X. Foreign Exchange Reserves
Foreign exchange reserves (also called forex reserves or FX reserves) are cash and other reserve assets held by a central bank or other monetary authority that are primarily available to balance payments of the country, influence the foreign exchange rate of its currency, and to maintain confidence in financial markets. Foreign exchange reserves are assets denominated in a foreign currency that is held by a central bank.
These may include foreign currencies, bonds, treasury bills, and other government securities. Most foreign exchange reserves are held in U.S. dollars, with China being the largest foreign currency reserve holder in the world.
Foreign Exchange Reserves
- Foreign exchange reserves indicate the reserves of the RBI kept in the form of foreign currency assets, gold, SDR, and reserve tranche position with the IMF. The forex reserve is kept as a cushion against any potential balanced of payment-related crisis.
India’s foreign exchange reserves comprise of:
- Foreign currency assets (FCA)
- Special Drawing Rights (SDRs) with IMF and
- Reserve tranche position (RTP) in the International Monetary Fund
XI. Foreign Exchange Market
The market where different currencies can be purchased and sold.
Fixed Exchange Rates
In this system, the exchange rate of a currency was fixed by the IMF in comparison to the basket of important world currencies like the US dollar, Japanese Dollar, German Mark, and the French Franc. They were expected to maintain that particular rate in the future as well and the rate was modified by IMF periodically.
- Countries have had flexible exchange rate systems ever since the breakdown of the Bretton Woods system in the early 1970s. Prior to that, most countries had fixed or what is called the pegged exchange rate system, in which the exchange rate is pegged at a particular level.
The Bretton Woods System:
- In 1944 at the Bretton Woods Conference International Monetary Fund (IMF) and the World Bank were set up and re-established a system of fixed exchange rates.
- This was different from the international gold standard in the choice of the asset in which national currencies would be convertible.
- A two-tier system of convertibility was established at the center of which was the main currency was the dollar.
- It laid down certain guidelines where the commitment of the monetary authority of each IMF member participating in the system was mandatory to convert their currency into dollars at a fixed price.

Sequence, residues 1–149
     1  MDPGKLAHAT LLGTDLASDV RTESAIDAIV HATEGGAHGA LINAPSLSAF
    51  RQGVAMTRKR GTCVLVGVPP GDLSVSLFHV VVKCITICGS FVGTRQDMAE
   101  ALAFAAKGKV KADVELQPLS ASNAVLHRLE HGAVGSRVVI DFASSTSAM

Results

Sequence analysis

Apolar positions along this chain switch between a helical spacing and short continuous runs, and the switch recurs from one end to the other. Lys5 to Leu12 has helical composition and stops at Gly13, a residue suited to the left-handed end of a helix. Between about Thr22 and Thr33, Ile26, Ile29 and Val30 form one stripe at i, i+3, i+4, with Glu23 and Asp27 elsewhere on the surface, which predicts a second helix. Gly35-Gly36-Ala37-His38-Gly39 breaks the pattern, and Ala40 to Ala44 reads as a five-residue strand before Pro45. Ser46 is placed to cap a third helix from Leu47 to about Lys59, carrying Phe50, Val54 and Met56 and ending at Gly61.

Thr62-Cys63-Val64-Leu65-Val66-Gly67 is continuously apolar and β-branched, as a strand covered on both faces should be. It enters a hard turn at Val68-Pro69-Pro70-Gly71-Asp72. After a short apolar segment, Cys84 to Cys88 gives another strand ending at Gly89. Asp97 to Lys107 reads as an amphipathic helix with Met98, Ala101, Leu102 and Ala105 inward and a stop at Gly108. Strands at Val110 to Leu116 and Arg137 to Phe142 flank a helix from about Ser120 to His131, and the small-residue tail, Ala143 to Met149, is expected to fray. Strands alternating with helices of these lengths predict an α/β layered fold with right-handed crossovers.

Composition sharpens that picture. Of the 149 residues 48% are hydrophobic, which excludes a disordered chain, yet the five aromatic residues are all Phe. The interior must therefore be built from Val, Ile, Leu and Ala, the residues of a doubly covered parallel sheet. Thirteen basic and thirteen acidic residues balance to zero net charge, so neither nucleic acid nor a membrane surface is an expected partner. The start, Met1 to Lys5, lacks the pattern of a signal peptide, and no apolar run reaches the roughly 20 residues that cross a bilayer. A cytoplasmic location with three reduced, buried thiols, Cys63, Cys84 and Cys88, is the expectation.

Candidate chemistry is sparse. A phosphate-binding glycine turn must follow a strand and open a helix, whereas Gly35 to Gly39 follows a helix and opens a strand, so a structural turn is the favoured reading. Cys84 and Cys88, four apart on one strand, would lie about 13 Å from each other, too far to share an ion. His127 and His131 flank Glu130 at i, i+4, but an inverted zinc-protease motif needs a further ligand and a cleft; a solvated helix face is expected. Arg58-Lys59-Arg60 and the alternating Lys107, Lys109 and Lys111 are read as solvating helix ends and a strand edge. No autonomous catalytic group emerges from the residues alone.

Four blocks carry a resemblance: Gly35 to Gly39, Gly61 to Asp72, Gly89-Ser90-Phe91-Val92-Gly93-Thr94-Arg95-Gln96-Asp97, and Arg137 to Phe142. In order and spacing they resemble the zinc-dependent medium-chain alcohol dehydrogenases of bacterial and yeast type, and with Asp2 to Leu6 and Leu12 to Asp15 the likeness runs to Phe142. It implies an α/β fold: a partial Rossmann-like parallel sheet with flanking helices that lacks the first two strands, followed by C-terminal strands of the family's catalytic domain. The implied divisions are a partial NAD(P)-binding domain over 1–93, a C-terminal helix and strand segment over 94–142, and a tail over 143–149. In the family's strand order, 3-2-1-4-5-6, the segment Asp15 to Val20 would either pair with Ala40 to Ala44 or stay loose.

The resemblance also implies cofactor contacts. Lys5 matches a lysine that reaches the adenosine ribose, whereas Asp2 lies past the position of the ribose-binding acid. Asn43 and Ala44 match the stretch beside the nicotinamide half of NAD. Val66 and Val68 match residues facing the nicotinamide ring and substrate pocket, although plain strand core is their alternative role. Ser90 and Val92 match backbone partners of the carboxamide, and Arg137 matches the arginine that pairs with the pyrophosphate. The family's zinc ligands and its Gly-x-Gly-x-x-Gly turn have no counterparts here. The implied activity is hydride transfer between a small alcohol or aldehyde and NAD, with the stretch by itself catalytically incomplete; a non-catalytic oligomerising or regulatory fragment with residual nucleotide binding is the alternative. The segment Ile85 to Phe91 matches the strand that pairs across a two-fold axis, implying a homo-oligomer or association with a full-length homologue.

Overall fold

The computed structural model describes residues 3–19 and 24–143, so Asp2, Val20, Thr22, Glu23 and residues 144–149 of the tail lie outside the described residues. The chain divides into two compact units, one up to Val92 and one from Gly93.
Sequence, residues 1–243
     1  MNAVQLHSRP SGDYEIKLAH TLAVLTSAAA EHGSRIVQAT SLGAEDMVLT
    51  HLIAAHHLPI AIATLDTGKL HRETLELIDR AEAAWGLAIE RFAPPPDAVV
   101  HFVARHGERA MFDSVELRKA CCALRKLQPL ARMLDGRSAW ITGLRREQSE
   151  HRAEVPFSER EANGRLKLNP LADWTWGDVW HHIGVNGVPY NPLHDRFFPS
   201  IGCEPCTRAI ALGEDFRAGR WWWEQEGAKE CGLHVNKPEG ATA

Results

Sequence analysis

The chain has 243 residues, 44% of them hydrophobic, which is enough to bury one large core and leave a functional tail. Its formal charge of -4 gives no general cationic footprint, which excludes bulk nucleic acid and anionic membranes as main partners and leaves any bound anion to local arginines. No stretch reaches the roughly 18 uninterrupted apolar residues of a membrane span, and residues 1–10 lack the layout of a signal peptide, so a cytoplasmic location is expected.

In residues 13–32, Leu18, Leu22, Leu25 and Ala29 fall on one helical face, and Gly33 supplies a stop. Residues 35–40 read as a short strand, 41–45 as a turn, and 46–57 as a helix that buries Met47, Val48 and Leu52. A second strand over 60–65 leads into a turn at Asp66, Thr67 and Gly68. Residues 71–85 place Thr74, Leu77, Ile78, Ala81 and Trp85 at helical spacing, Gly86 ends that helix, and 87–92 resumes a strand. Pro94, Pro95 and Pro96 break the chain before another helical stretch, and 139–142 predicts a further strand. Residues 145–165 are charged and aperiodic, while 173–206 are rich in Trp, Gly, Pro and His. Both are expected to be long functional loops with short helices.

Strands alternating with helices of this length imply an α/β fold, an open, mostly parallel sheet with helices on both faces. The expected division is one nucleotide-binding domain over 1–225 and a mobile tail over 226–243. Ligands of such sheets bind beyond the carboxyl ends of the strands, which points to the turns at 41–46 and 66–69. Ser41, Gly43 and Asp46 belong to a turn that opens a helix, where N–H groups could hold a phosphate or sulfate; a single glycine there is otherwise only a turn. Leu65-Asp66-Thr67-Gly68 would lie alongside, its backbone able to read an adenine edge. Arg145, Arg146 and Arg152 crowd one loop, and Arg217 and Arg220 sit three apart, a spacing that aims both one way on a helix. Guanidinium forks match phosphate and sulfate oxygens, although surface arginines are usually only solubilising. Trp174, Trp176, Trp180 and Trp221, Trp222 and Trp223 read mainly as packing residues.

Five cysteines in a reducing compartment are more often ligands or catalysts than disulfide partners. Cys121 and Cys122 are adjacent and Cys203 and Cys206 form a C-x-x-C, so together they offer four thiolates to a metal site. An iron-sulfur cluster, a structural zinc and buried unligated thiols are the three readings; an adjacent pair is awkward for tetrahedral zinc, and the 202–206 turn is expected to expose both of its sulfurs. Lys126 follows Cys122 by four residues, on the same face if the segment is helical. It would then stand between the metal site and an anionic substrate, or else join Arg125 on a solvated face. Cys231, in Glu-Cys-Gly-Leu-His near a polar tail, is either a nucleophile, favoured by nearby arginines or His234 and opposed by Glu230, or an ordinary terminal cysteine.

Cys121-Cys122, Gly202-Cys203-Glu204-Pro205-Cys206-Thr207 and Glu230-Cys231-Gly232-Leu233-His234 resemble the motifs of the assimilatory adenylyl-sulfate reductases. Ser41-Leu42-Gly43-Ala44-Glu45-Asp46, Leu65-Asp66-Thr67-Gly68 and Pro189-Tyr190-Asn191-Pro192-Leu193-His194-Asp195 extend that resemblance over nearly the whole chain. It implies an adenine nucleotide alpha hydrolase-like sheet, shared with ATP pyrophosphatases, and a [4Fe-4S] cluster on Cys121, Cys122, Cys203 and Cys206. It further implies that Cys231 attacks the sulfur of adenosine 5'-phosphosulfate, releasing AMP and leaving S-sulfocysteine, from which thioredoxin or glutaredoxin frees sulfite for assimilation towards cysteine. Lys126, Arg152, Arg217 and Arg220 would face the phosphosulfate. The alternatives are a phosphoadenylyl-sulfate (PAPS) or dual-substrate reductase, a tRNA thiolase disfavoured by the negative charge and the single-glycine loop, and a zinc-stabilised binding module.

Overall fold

- Only when there is a mismatch in a member’s BOP the change in exchange rates was permitted.
- Otherwise, it had to follow the rates as prescribed by the IMF from time to time.
Flexible Exchange Rates
In a Flexible exchange rate system also known as floating exchange rates, the exchange rate is determined by the forces of market demand and supply.
Managed Exchange Rates
In this, a country follows a mix of both fixed and flexible exchange rate systems wherein the government attempts to manipulate the exchange rate directly by buying/selling foreign currency or indirectly by monetary policy. Most of the economies these days follow a managed exchange rate system.
Interest Rates and the Exchange Rate
- The interest rate and the exchange rate go in tandem. For instance, let us consider two countries A and B. Normally the wealthy nations go in search of the nations which offer higher interest rates when compared to their domestic rates. This is called an Interest rate differential.
- So, if we assume that government bonds in country A pay an 8 percent rate of interest whereas equally safe bonds in country B yield 10 percent, the interest rate differential is 2 percent. Investors from country A will be attracted by the high-interest rates in country B and will buy the currency of country B selling their own currency. At the same time, investors in country B will also find investing in their own country more attractive and will therefore demand less of country A’s currency.
- This will lead to the depreciation of country A’s currency and an appreciation of country B’s currency. Thus, a rise in the interest rates at home often leads to an appreciation of the domestic currency. Here, the implicit assumption is that no restrictions exist in buying bonds issued by foreign governments.